The project was operated by private developer Pilbara Resource Group. There is no doubt that if market conditions improve, the project can be put back online.
Fenix Resources (ASX:FEX), with C2 costs of around A $ 100 / mt, still looks profitable with margins in the range of A $ 40-50 / tonne after being ex-dividend (5 cents) on 9/21/2021.
Other iron ore juniors like Strike Resources (ASX:SRK) have also seen significant declines, dropping from 30 cents in mid-July to around 11.5 cents at the time of writing.
i feel for Company minerals (ASX:VMS) whose life as an iron ore producer lasted only one month before the suspension of operations (VMS, ASX announcement 9/17/2021).
Either way, not the end of the world for VMS, who are carrying out a drilling program at Mount Lindsay targeting skarn mineralization that could represent an extension of the Renison mine sequence (former high-grade tin producer).
Recent drilling intersected potentially magnetite-rich skarns containing tin (Figure 6).
Rio tinto (ASX:RIO) ($ 133 to $ 93), BHP Group (ASX: BHP) ($ 53 to $ 37) and FMG (ASX: FMG) ($ 26 to $ 14) led the decline.
In the case of GMF, margins remain strong at CFR 62% Fe (equivalent) costs of around $ 58 / tonne, so there could be a business opportunity here as always on any rebound (and short cover) in the price of iron ore (Figure 7).
This could well happen when Chinese steel mills get back on track, which should not be too far away with margins well and truly restored to sustainable levels.
The short-term elephant, however, could be the outlook for Chinese real estate developer Evergrande whose debt has swelled to $ 300 billion and remains under significant pressure.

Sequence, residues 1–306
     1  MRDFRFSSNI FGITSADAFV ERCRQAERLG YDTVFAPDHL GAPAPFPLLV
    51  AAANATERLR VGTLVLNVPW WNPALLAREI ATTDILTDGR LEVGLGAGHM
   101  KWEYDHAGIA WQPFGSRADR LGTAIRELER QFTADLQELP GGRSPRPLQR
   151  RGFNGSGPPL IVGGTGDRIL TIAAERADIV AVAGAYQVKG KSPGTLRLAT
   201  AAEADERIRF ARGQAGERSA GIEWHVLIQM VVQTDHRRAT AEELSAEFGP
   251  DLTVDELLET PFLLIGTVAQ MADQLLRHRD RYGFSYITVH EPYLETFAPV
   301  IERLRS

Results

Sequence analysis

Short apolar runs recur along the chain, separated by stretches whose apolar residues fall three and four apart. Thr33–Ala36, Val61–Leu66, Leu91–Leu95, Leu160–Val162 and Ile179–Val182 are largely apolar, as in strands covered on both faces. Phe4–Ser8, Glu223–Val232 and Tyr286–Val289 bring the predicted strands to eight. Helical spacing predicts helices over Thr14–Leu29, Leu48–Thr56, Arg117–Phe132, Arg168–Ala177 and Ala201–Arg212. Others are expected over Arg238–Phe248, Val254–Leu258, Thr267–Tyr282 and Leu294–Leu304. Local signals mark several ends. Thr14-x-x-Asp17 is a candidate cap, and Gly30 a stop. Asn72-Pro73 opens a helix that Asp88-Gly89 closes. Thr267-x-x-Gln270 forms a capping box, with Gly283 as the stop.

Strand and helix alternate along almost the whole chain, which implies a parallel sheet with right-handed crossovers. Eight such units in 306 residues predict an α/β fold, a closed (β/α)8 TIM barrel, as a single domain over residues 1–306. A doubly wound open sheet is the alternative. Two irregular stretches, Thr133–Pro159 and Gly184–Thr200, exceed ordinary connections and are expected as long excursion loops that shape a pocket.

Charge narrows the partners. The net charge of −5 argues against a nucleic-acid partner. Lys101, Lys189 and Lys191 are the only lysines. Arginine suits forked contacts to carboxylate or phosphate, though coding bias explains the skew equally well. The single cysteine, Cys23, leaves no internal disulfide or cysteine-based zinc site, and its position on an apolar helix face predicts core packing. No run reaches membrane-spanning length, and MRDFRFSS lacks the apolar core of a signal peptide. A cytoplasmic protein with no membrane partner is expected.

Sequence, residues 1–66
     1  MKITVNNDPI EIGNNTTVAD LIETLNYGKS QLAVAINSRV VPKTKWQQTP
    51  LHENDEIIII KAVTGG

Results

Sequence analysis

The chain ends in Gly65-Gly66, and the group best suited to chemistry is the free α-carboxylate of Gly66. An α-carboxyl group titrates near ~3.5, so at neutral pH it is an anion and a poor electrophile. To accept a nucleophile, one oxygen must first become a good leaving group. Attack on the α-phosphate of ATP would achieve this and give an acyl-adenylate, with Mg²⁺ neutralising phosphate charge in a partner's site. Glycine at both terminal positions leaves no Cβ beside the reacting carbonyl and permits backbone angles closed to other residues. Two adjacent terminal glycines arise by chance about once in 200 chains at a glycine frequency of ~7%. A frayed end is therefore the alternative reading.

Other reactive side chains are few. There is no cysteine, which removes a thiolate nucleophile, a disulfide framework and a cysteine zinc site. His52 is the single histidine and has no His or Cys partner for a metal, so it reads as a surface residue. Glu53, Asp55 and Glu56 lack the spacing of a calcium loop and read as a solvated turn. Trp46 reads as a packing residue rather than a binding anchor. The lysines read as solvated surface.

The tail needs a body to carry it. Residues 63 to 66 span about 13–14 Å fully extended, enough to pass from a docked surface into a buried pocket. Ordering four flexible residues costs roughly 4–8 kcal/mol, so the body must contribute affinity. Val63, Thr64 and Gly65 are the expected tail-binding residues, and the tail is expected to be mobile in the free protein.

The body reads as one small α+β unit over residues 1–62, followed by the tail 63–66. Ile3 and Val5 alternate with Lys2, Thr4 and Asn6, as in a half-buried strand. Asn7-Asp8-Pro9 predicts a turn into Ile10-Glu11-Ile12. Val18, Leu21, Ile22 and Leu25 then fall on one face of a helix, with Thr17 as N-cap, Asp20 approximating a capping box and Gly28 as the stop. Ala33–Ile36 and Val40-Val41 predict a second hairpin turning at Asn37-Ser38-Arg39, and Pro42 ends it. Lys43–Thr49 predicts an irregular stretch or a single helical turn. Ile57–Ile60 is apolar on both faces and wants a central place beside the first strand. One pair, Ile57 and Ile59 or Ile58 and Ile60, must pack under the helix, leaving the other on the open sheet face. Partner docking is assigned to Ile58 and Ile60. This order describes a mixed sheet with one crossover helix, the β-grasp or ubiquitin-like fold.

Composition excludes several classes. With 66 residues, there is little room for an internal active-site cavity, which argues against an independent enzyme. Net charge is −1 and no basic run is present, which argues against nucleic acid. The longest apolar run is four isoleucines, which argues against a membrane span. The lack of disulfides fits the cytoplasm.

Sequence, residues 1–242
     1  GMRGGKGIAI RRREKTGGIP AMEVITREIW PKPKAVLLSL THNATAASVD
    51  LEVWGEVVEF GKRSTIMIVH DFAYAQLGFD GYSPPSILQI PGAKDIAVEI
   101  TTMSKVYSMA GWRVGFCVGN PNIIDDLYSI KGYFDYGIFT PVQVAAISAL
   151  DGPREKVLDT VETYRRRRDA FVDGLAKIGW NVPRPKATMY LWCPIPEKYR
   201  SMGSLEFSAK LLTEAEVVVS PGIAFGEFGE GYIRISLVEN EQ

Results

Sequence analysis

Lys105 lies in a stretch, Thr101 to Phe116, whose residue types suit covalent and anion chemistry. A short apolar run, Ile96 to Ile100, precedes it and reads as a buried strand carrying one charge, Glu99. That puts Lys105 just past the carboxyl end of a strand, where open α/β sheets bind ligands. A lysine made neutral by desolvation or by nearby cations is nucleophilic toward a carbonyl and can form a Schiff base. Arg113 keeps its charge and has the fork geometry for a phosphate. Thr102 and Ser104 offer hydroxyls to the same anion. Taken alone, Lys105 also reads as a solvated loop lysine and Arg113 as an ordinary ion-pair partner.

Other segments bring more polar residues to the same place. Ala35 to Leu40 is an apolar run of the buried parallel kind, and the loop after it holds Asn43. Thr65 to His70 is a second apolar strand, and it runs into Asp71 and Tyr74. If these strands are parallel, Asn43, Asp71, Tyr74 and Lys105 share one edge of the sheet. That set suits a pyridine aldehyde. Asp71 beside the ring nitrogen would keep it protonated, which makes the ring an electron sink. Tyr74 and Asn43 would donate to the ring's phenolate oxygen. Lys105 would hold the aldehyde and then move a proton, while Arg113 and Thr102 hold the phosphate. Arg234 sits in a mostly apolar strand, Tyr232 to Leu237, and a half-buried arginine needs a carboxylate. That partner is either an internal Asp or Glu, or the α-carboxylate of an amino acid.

It will be interesting to see if government support is forthcoming …
The Evergrande crisis comes as the US Federal Reserve holds its two-day monetary policy meeting starting Tuesday morning and ending Wednesday afternoon with a statement and press conference from Fed Chairman Jerome Powell.
The market is wondering if a massive sell-off in global equity and financial markets at the start of the week would impact the Fed’s discussion of when to scale back its bond buying program.
Mergers and acquisitions are in full swing and recent volatility could present some interesting opportunities.
Metalicity Limited (ASX: MCT) is attempting to consolidate its position for its Kookynie and Yundamindra (WA) gold projects with a 4.81-to-1 paper bid for joint venture partner Nex Metals (ASX: NEX).
If successful, NEX (Figure 8) would end up with around 38% of the merged group. A few more games to come but I think this deal makes sense and will eventually cross the line.
With the gold index down almost 40% from its July 2020 highs, I think it’s time to re-enter mid-to-large cap gold stocks and I think Evolution mining (ASX:EVN) is probably a good option.
While FY21 gold production of 681,000 ounces was below fiscal 2020 levels of 747,000 ounces, underlying net income was still $ 354 million for fiscal 2021.
The earnings outlook is a bit flat, but there is reasonable growth for Red Lake (Canada) and Cowal over the next 4-5 years as they hit full production.
All-inclusive sustaining costs are less than A $ 1,300 / ounce with CitiResearch projecting gold production to increase to over 940,000 ounces by 2024.
EVN are a bit more conservative in their growth strategy, sticking to first world jurisdictions and somewhat cautious about stretching their balance sheets, however the company provides good leverage to any rebound in gold.
At RM Corporate Finance, Guy Le Page is involved in a range of corporate initiatives ranging from mergers and acquisitions, IPOs and valuations, consulting and corporate advisory roles.
He was head of research at Morgan Stockbroking Limited (Perth) before joining Tolhurst Noall as a corporate advisor in July 1998. Prior to entering the stock exchange industry he spent 10 years as a geologist exploration and mining operations in Australia, Canada and the United States. States. The views, information or opinions expressed in the interview for this article are solely those of the interviewee and do not represent the views of Stockhead.
Stockhead has not provided, endorsed or otherwise assumed responsibility for the advice on financial products contained in this article.